What’s good for the goose…

A visiting tourist enjoys himself a little too much in a local bar and offers to give a similarly inebriated girlfriend a ‘ride’.

In the early hours of the morning, he has an argument with a tree, which apparently jumps out on to the road in front of him, then the next thing he sees through blurry eyes is flashing blue lights.

His breath and his uncoordinated actions arise suspicion and he is found to be ‘above the limit’. Charges are subsequently brought for driving under the influence and careless driving; charges that no intelligent, honest person could deny. However, the tourist proves himself to either possess a minimum level of intelligence or to simply be a liar when he commits perjury by responding to the judge that he is ‘not guilty’!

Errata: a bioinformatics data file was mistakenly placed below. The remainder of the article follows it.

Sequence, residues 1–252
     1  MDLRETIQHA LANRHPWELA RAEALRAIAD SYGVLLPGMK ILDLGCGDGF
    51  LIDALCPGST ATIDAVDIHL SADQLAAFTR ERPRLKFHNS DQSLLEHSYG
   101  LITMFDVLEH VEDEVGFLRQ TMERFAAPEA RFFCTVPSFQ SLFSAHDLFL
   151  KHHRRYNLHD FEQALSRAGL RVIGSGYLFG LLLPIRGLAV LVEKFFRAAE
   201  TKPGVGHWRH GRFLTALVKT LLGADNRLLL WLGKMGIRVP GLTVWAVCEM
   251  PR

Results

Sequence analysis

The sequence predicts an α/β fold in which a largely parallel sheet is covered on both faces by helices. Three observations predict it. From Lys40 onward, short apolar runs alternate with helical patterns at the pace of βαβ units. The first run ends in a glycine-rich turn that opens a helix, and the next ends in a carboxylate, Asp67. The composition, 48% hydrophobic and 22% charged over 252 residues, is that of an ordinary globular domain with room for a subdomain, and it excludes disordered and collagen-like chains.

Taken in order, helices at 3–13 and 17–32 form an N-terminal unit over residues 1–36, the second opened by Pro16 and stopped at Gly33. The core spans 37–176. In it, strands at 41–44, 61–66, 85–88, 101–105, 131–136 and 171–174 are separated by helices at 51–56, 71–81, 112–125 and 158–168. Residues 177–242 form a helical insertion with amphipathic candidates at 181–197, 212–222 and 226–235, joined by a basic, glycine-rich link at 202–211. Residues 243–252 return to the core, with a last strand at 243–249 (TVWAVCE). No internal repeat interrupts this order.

Will he be convicted on three charges (the last one being deliberate perjury before the court)? If found guilty, is there an automatic fine and jail time?

Whilst Mr. Tourist would certainly be penalised heavily for his unfortunate behaviour and even more serious perjury, isn’t it a sad reflection of legal interference that Mr. Politician will attend six alcohol abuse meetings and will then have paid his full debt to society?

James A. Williams


  1. Whilst I appreciate your view on this matter and your example holds some merit, pleading Not Guilty to any charge, no matter how guilty it may seem to the public at large, does not, nor will it ever constitute perjury to the court. EVERYONE is presumed innocent until proven guilty.

Comments are closed.